Fri Mar 23, 2018, 09:55 AM

2. Brilliant!

Such good points here. Thank you Effie.

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Response to EffieBlack (Original post)

Fri Mar 23, 2018, 10:00 AM

3. Perfectly correct,

perfectly expressed. Thank you.

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Response to EffieBlack (Original post)

Fri Mar 23, 2018, 10:02 AM

4. Funny, but I would apply at least 3 out of 4 of those comments to Bernie and Biden, too...



Seriously. I have no problem with Pelosi taking over the House again, if she wins the votes of the caucus, which she probably will.

I don't criticize Hillary much, I don't say much at all about her, because she's mostly out of the public eye. But I certainly still value her insights, and she's a helluva fundraiser for us, no matter what anybody says. And if Feinstein wins her seat back, which it seems pretty likely she'll do, I'm all good with it.

Love the enthusiasm in support of Dems in general, and in our leaders in particular, though. If new people can come in and "take over" through democratic means to fight for Dem values, I'm good with that, too. Time moves on.

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Response to Wounded Bear (Reply #4)

Fri Mar 23, 2018, 11:19 AM

5. Exactly!

If good, new people come along and win spots in the appropriate way, that's all well and good. But the demands that Pelosi "step aside to make room for new faces" is ridiculous and insulting. And it shows an ignorance about what a Leader does. It's not a job for a neophite with no experience just because they're a "fresh face."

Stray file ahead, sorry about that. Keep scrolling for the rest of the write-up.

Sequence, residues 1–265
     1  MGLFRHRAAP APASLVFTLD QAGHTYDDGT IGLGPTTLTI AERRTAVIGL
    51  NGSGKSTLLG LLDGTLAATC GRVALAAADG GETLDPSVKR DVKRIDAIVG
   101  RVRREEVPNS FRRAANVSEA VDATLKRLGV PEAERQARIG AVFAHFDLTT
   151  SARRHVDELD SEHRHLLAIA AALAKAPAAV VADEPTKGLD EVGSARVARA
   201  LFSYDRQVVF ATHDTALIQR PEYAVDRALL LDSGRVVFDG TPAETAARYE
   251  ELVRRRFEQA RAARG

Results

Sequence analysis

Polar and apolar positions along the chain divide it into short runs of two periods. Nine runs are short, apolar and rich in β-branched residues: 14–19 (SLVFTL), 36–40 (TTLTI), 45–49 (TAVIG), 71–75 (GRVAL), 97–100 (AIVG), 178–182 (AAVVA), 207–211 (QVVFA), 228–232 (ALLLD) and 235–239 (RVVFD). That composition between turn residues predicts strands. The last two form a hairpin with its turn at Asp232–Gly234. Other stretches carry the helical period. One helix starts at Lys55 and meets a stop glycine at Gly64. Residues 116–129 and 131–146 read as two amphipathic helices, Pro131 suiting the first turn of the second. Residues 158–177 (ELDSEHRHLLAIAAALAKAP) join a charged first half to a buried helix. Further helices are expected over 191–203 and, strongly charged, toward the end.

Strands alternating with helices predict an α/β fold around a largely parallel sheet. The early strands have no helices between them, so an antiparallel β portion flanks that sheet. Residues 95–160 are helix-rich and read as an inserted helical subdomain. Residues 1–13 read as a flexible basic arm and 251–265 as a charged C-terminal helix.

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Response to EffieBlack (Original post)

Fri Mar 23, 2018, 11:34 AM

6. Well said!

N/T

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Response to EffieBlack (Original post)

Fri Mar 23, 2018, 11:43 AM

7. Right on, EffieBlack. You said it well. 👏🏽👏🏿👏🏾👏🏻👏🏿👏🏾👏🏽👏🏻

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Response to EffieBlack (Original post)

Fri Mar 23, 2018, 11:57 AM

8. Another awesome post!

Perfection as always, EffieBlack!

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Response to spicysista (Reply #8)

Fri Mar 23, 2018, 07:10 PM

19. Thanks!

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Response to EffieBlack (Original post)

Fri Mar 23, 2018, 11:58 AM

9. You got it Effie

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Response to EffieBlack (Original post)

Fri Mar 23, 2018, 12:30 PM

10. As always, spot on.

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Response to EffieBlack (Original post)

Fri Mar 23, 2018, 12:32 PM

11. Another excellent and on the mark post, EffieBlack. Wow. You have been on fire

these past few weeks!

Just curious--are you a writer?

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Response to tblue37 (Reply #11)

Fri Mar 23, 2018, 02:36 PM

17. Yes, among other things

Thanks!

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Response to EffieBlack (Original post)

Fri Mar 23, 2018, 12:35 PM

12. Good stuff.

Great analysis of the situation. It's common in all "public" situations, such as TV news reporting, where we always get a fresh young female face. It reminds me of the ads on TV for wrinkle cream... for women. As though men don't get wrinkles. I think about Trump, who is old, fat and dumpy, getting a job as president. That just sucks. Talk about a "new face" "trumping" one of the most experienced presidential candidates we've ever had.